Rachel Aviv’s piece on Martha Nussbaum, published in The New Yorker, really is a wonderful read:
“To be a good human being,” [Nussbaum] has said, “is to have a kind of openness to the world, the ability to trust uncertain things beyond your own control that can lead you to be shattered” …
For a society to remain stable and committed to democratic principles, [Nussbaum] argued, it needs more than detached moral principles: it has to cultivate certain emotions and teach people to enter empathetically into others’ lives …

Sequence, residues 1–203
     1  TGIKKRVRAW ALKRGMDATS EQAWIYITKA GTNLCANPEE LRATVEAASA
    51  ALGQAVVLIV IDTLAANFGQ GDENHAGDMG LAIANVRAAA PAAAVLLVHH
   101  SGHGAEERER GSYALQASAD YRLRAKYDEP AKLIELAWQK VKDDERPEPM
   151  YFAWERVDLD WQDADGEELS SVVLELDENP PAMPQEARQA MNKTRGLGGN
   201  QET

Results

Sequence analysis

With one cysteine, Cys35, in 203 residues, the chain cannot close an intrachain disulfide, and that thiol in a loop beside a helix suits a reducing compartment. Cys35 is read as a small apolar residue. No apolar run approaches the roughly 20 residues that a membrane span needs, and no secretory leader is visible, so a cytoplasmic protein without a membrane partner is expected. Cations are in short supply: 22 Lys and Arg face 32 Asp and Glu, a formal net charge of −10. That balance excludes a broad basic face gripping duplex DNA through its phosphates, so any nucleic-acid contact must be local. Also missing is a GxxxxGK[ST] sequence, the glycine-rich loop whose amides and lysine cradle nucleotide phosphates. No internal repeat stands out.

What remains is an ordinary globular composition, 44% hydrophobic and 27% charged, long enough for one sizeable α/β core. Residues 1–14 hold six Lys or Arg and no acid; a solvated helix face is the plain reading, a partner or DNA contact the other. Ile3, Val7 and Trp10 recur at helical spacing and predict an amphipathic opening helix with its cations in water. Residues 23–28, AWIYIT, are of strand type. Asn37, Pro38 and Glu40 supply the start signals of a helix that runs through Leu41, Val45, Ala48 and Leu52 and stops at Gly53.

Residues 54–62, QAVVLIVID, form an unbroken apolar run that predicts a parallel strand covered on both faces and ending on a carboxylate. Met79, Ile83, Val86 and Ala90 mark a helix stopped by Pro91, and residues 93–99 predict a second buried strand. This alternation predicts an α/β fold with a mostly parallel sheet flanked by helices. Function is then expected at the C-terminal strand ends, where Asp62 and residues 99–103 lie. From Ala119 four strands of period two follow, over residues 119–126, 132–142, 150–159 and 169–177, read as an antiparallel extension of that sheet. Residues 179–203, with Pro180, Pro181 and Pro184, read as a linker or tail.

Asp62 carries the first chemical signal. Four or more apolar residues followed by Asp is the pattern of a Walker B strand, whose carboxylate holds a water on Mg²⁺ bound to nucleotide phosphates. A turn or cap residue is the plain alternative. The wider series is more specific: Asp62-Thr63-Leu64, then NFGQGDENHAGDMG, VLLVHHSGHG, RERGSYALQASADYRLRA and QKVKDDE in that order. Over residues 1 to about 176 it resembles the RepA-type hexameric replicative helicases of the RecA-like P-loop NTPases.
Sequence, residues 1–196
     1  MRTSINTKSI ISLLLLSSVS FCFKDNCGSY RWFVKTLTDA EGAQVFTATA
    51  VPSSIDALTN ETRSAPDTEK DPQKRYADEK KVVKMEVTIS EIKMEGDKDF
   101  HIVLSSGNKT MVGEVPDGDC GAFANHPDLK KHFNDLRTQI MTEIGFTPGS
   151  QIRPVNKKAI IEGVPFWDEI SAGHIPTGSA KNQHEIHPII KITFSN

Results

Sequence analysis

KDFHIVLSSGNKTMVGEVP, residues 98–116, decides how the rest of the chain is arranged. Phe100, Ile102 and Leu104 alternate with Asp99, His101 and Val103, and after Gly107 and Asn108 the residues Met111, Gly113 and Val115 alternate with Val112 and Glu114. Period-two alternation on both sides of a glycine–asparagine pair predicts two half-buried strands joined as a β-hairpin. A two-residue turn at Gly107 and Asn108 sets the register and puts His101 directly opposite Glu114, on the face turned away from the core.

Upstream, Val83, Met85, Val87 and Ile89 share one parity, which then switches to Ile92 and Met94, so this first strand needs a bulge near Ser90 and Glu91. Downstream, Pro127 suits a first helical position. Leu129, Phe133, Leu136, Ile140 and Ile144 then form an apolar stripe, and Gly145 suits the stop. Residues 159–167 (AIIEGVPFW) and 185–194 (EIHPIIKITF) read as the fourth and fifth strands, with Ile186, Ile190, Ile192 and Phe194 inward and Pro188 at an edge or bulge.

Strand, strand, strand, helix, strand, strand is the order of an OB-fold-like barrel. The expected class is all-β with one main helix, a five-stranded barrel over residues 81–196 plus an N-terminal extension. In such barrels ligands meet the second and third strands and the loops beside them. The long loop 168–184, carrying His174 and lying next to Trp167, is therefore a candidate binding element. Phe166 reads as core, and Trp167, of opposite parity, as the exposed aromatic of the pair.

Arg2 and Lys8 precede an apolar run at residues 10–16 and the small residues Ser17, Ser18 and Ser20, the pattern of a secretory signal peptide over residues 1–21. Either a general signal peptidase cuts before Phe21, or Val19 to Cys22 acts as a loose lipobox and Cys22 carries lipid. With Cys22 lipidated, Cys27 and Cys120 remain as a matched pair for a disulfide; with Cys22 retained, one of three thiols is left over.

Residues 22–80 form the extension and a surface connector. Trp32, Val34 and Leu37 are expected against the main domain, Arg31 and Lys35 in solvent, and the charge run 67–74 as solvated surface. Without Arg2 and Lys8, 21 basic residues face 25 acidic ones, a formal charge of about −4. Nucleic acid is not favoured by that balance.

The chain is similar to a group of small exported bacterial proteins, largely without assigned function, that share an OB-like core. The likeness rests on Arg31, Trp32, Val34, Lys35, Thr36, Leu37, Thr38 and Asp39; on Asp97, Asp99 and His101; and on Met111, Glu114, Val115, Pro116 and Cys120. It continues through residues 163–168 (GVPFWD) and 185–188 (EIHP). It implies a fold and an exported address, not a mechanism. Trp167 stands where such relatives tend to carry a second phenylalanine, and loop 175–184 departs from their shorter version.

Last year, Nussbaum had a colonoscopy. She didn’t want to miss a workday, so she refused sedation. She was thrilled by the sight of her appendix, so pink and tiny. “It’s such a big part of you and you don’t get to meet these parts,” she told me. “I love that kind of familiarization: it’s like coming to terms with yourself.”
Whatever floats her boat (and I did read the whole thing).